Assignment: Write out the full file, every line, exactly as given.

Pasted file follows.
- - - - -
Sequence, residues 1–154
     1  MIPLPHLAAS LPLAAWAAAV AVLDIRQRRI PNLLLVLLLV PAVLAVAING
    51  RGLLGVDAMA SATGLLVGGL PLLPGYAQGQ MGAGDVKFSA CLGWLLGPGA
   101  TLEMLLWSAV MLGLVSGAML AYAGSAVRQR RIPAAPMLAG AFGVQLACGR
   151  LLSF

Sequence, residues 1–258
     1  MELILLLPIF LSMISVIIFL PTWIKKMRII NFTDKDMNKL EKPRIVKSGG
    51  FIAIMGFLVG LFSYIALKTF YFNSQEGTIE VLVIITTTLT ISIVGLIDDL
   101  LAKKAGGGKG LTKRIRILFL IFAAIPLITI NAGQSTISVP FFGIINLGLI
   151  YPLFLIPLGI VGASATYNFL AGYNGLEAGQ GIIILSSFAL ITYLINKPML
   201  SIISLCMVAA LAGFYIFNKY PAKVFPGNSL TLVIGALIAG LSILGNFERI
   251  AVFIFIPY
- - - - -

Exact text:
Sequence, residues 1–154
     1  MIPLPHLAAS LPLAAWAAAV AVLDIRQRRI PNLLLVLLLV PAVLAVAING
    51  RGLLGVDAMA SATGLLVGGL PLLPGYAQGQ MGAGDVKFSA CLGWLLGPGA
   101  TLEMLLWSAV MLGLVSGAML AYAGSAVRQR RIPAAPMLAG AFGVQLACGR
   151  LLSF

Sequence, residues 1–258
     1  MELILLLPIF LSMISVIIFL PTWIKKMRII NFTDKDMNKL EKPRIVKSGG
    51  FIAIMGFLVG LFSYIALKTF YFNSQEGTIE VLVIITTTLT ISIVGLIDDL
   101  LAKKAGGGKG LTKRIRILFL IFAAIPLITI NAGQSTISVP FFGIINLGLI
   151  YPLFLIPLGI VGASATYNFL AGYNGLEAGQ GIIILSSFAL ITYLINKPML
   201  SIISLCMVAA LAGFYIFNKY PAKVFPGNSL TLVIGALIAG LSILGNFERI
   251  AVFIFIPY